RG: Sure, but the reality is that there are so many factors that go into NFL injuries. To be able to isolate that it is because of offseason training; in fact, I might be able to argue that offseason training allowing them to be in better shape is a plus. Obviously there are diminishing returns at some point in time. You can overdo that also. I think the balance is what we try to find and, quite frankly, I'm not sure there is an answer across the board. We have great professionals on the club level that make those decisions, medical personnel, trainers, coaches, they all have to balance those issues. We do look very closely at injuries, but as I said many factors go into that.
Training camp has changed a lot. We are obviously much more aware of certain things. We do everything we can to make sure it is a safe environment.
Q: Do teams need more preseason game to get ready?
RG: No, it is my opinion that they need fewer.
Q: Has taking the role of commissioner been different than you thought it might be?
RG: Sure. Any time you go into a new job there are going to be challenges. I can't tell you that I've expected all of the challenges that I've had, and I've been in the league for 25 years. I thought I had seen most everything, but there were some things that have been different. I sat in the office next to Paul Tagliabue for the last six years and there is a difference when you're commissioner. You have an awesome responsibility to the game. That is something you feel every day, and you feel it every night. You wake up at night and you think about it. It is an awesome responsibility and I take it seriously.
Q: Why were you involved in the Brett Favre situation in Green Bay?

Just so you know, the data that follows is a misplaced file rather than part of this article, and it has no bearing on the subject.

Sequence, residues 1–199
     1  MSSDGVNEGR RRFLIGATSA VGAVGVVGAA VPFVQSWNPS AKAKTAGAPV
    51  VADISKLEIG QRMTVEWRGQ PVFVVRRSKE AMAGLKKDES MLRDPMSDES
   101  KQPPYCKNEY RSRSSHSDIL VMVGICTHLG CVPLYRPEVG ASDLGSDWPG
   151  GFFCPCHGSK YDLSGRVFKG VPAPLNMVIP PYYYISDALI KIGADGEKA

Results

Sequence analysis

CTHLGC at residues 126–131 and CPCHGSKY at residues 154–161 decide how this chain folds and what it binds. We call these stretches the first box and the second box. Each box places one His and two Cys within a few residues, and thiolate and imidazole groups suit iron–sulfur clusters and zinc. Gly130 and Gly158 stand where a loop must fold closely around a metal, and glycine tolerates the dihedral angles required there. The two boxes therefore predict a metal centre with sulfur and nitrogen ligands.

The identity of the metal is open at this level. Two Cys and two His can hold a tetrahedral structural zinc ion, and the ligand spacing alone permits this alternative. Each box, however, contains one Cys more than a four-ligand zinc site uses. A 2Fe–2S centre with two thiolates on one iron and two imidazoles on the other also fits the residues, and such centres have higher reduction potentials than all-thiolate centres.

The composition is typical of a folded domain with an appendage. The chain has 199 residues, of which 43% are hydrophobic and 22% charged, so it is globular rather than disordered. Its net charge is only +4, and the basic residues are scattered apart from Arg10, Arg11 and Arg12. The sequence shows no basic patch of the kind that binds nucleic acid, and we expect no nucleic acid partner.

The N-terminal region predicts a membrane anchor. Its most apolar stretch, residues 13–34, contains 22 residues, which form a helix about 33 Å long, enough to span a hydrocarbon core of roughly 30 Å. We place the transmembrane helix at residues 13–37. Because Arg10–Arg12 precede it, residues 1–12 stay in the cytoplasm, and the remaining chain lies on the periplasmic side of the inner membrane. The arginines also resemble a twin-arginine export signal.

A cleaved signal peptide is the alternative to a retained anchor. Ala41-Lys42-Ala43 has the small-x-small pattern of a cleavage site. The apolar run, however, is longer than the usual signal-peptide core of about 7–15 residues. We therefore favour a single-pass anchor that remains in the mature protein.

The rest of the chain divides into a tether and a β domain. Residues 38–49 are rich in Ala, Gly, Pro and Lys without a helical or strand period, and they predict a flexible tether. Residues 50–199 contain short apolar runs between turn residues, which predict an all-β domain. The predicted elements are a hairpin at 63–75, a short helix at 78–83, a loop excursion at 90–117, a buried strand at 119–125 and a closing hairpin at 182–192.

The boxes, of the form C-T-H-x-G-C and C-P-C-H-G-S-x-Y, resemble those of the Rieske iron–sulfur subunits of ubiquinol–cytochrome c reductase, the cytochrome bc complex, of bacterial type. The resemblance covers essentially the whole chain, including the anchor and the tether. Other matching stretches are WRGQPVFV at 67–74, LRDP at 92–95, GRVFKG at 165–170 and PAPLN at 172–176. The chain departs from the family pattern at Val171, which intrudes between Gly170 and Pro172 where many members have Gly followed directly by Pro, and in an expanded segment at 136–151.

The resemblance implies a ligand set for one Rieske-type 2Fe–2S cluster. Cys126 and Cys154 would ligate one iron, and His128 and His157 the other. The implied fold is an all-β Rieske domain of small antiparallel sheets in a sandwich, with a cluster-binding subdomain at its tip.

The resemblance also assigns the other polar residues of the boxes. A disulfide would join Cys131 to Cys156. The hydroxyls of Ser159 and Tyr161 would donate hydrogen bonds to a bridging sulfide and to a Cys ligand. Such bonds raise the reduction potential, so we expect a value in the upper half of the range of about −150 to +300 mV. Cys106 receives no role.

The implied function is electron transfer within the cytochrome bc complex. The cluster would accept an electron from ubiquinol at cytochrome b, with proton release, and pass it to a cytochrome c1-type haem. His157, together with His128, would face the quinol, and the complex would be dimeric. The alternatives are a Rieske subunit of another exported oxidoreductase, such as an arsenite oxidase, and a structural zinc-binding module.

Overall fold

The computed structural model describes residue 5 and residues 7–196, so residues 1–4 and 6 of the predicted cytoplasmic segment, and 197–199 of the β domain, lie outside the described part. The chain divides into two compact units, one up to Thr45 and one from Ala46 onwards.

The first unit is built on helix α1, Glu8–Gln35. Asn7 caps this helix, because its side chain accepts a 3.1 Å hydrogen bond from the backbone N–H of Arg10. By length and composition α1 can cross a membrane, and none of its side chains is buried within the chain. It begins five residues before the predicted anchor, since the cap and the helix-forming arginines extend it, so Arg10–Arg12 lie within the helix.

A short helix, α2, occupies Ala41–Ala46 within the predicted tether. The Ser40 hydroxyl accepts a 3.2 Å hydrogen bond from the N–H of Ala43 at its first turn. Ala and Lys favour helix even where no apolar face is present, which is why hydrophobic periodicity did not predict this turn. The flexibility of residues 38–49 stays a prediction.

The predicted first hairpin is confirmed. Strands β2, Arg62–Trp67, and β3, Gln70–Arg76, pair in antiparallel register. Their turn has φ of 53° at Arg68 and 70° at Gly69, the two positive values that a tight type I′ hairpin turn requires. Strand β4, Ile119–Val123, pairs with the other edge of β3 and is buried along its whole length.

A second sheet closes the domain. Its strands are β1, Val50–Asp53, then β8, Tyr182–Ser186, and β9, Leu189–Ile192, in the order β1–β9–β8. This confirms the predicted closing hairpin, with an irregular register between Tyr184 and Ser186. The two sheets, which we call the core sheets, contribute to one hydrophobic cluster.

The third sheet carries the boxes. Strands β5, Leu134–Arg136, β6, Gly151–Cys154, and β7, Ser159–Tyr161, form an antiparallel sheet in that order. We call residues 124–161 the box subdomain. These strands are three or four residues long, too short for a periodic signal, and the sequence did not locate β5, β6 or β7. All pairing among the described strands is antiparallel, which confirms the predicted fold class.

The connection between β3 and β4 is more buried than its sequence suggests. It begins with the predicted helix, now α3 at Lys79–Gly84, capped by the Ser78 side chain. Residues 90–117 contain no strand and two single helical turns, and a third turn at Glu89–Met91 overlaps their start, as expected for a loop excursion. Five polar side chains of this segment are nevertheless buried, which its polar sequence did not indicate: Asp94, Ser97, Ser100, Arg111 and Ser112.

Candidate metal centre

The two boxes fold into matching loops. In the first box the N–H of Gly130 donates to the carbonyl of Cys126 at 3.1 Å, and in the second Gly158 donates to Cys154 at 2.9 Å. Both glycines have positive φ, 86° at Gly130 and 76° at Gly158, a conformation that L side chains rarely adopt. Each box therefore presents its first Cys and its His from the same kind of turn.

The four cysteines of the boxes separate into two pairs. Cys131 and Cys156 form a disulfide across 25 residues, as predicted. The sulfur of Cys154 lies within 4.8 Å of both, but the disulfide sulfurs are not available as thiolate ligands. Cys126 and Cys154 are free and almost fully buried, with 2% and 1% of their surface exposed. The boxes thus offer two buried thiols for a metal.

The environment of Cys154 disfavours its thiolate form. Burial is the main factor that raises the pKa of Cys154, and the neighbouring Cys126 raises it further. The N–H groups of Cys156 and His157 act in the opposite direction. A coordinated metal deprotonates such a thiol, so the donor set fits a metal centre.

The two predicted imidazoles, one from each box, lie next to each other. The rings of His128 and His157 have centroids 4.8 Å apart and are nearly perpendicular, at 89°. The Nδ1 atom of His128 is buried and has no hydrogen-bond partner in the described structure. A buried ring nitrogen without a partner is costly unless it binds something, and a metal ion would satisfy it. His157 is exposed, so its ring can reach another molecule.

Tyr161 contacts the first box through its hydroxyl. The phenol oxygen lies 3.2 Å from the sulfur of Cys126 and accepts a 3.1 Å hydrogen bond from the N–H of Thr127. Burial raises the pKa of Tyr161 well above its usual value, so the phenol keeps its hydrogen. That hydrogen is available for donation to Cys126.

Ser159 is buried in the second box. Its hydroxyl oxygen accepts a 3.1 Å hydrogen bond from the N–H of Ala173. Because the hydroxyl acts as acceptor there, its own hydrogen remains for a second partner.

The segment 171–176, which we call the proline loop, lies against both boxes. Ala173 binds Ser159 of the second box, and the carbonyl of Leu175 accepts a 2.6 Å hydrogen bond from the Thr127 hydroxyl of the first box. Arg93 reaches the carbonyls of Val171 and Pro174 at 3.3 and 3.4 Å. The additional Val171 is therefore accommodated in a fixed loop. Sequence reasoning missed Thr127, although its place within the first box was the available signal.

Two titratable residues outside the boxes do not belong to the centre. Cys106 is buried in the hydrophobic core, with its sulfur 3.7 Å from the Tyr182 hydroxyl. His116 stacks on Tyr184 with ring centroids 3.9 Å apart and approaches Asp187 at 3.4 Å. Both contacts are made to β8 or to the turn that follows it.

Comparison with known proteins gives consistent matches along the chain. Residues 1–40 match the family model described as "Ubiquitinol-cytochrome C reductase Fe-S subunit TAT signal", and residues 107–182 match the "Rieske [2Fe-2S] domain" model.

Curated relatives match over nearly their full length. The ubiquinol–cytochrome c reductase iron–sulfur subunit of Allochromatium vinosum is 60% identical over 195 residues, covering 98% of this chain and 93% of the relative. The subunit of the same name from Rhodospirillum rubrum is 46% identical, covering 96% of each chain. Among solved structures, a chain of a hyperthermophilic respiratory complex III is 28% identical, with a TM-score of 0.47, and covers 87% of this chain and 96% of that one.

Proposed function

RG: There are rights here that have to be respected. Obviously the rights of the Green Bay Packers, they hold the rights to Brett Favre and that has to be respected. At the same time, Brett Favre has rights. If he would like to play football again, he should have the right to do that. You need to balance those two. Then, you have 31 other clubs that have an interest or rights here. You have to balance all of these issues. I'm not trying to interject myself; in fact, I was interjected into it because there was a tampering charge initially. I'm not looking for things to interject myself into. It is obviously an issue that needs to be addressed. Because of the competing interests you want to make sure it is done properly and within our rules, but this is an issue ultimately that has to be decided between Brett and the Packers.
Q: What is the latest you have heard on any potential resolution between the two parties?
RG: They have had productive discussions. I had brief conversations with both sides this morning and I expect to have them again when I leave here.
Q: Do you have the reinstatement papers on you just in case?
RG: No. I can do that from the road.
Q: Did the league find there to be illicit communications between Brett and the Vikings and if so, will there be a penalty?
RG: No, we have not made any ruling with respect to the Packers and the Vikings tampering charges. That is something we are completing our investigation on. I assume we will be done relatively quickly here. We want to be thorough but I would expect we'll have a decision sometime soon. Greg would know better than I about any comments we've made publicly but I don't believe we have made any public comments about any findings at this stage.
It is a serious issue. Tampering is a serious charge, and as you pointed out we had a violation of that rule earlier this year, and we take it seriously. If it can be proven, we will act on it. We've made it very clear to the clubs this spring. In fact we've had, as some would call it, to some extent a lowering of the standard as it relates to proof of a tampering charge.